I was 17 when I lost a friend to anti-Shia violence for the first time. In 2004, I was in the city of Quetta in Pakistan, studying English, when one day my classmate, Emran, 13 years old who sat next to me, did not come to class. We later learned that he was killed by a suicide bomber, who targeted a religious group on Ashura, the day Shia Muslims commemorate the death of Hussein ibn Ali, the grandson of the Prophet Muhammad.
After that sad day, every time I turned left to whisper to Emran, I saw an empty seat and felt a painful lump in my throat.
This was the first time I knew about the violence against the Shia. My country of Afghanistan has seen a lot of violence, but the stories I heard from my parents were about the Soviet occupation and other events of the 1990s under the Taliban regime. So when I grew up I didn’t even know about the ethnic and religious hatred that some people in our community had towards us Shia Muslims.
Emran’s death shook me. I still wondered, who wanted to kill a boy who always tried to be classy and was always nice to his classmates? Who wished for the death of a young man who did not hurt anyone?
After those bombings, attacks on Hazaras and Shia Muslims in Pakistan escalated. I returned to Afghanistan in 2006, hoping to leave this horror behind. I prayed that gang violence would not reach us. But it did.
In December 2011, a suicide bomber opened fire at the Abul Fazl Shrine, in Kabul where Shia Muslims had gathered for Ashura. About 80 people died and many were injured in the explosion.
In the following decade, Shia children, women and men were persecuted by sectarian groups in mosques, schools, stadiums, buses, markets, etc. This violence continues to this day, as anti-religious people continue to attack ethnic groups and religions. groups.
Over the years, many of us have lost family and friends to anti-Shia violence. There are no Shia families that are not affected by the endless killing of innocent people.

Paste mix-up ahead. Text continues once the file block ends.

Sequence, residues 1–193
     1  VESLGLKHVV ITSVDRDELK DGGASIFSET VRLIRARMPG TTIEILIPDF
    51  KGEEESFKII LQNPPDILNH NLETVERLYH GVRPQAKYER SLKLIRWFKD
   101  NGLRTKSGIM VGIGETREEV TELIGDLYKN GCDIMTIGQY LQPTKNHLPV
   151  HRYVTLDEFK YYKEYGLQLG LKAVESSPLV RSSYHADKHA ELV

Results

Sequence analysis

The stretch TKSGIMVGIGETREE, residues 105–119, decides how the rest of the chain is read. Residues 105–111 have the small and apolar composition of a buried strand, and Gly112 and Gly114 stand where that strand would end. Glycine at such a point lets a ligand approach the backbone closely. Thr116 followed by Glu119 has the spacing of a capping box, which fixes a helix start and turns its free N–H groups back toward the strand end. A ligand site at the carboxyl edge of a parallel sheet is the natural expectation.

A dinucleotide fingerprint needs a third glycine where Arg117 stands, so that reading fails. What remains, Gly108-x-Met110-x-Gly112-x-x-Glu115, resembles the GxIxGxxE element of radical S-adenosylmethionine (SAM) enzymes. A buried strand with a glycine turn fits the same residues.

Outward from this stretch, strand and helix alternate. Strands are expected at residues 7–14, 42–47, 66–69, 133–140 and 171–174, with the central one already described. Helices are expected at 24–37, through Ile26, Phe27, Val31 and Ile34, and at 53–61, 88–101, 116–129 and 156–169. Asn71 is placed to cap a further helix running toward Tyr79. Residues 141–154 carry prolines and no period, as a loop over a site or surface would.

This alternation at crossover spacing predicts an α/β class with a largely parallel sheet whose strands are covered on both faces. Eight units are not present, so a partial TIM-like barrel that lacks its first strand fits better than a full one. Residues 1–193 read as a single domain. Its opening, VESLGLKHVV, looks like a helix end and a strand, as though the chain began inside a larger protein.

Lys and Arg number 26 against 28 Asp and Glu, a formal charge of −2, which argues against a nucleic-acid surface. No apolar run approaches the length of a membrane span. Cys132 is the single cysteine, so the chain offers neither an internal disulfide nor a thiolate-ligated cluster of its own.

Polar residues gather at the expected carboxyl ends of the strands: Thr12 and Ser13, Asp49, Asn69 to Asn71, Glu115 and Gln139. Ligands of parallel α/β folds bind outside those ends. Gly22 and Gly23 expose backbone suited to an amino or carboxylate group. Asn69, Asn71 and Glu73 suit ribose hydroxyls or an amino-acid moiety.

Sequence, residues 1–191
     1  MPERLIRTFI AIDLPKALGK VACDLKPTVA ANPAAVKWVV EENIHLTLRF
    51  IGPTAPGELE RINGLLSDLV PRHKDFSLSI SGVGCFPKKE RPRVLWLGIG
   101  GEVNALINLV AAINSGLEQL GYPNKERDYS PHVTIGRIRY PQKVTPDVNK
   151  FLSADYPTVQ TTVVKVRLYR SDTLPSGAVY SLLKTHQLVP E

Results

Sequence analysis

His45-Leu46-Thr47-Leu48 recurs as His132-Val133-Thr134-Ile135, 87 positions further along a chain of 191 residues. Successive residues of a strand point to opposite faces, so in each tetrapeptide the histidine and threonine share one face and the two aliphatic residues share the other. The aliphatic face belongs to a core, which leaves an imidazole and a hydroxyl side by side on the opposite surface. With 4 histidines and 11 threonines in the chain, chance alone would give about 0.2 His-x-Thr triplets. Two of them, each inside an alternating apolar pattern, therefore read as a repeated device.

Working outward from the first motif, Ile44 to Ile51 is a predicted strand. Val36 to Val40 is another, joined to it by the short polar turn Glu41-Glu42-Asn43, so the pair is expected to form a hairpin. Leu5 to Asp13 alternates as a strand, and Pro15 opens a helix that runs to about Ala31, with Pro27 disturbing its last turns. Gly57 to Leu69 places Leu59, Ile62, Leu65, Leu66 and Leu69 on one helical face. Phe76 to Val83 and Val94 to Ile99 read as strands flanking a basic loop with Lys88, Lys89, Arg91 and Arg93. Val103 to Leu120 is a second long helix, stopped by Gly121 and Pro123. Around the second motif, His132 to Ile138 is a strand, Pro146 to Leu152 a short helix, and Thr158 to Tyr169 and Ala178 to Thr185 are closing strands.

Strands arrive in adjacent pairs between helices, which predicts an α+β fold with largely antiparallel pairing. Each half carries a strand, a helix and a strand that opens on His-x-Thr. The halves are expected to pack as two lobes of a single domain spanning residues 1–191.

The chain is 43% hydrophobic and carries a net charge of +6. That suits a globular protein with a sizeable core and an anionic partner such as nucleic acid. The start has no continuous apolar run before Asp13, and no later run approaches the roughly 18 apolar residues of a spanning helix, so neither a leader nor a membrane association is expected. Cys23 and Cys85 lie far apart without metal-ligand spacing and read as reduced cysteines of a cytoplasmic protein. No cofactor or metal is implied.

Today, I am a father of two children. I remember the death of Emran 18 years ago and I am afraid that my children will face this horror again. Worse, I fear that the empty seat might be theirs.
When I heard about the suicide attack on the Kaj Educational Center in the Dasht-e-Barchi area of Kabul at the end of September, my heart sank. 53 students, mostly girls, were killed and more than 100 were injured. While to the rest of the world this was just another bombing killing a few nameless Afghans, for us, this was just another threat to deal with.
Although the whole world was quick to move on from the news, we are still saddened by the death of many young people, bright, who were studying to be teachers and hoping to work to improve their community and their country. Their lives were taken for daring to pursue education, daring to dream.
When I heard about the bombing, I thought about my eldest daughter. Currently in first grade, he studies hard and dreams big. As a father, I use all my strength and energy to take care of her the best, I put her needs before my own. I help him with his homework and make sure he goes to a good school.
They know about the bombings, but I try not to let them know about the school attacks. He and his classmates have been taught how to survive if they are attacked, so they know it can happen. But I still tell him that his school is not just going there and he believes me.
Sometimes they ask, Why did God create bad people? A difficult question to answer. In response, I keep saying that maybe God created them to be good people but they turned out to be bad. Maybe they didn’t go to school and become bad people.
What I can’t tell him is that the principal of his school told me and other parents that he cannot guarantee the safety of our children.
It makes me angry to know that I can work hard to provide for him and his younger brother, to make sure they are educated, they can achieve their dreams, but I can’t completely protect them from the Shia haters. Muslims.
There are many Shia fathers and mothers like me. Many fear that they will not see their children grow up to be the doctors, teachers, engineers, lawyers, etc. that they want. We have asked the government to protect us but they have ignored this abuse. We have asked countries to take action, but our calls have been ignored.
Many members of the community have decided to leave Afghanistan in search of a better place to raise their children.
But many of us have also chosen to stay and persevere. In the face of increasing violence, we, as a community, will not stop practicing our religion and seeking education. Those of us who are left have learned to find hope in the little things.
One day after the terrible suicide attacks in Dasht-e-Barchi, I sent my daughter to school. Walking through the streets of Kabul, I saw some groups of students. It was clear that our spirit was not broken.
The views expressed in this article are those of the author and do not reflect Al Jazeera’s influence.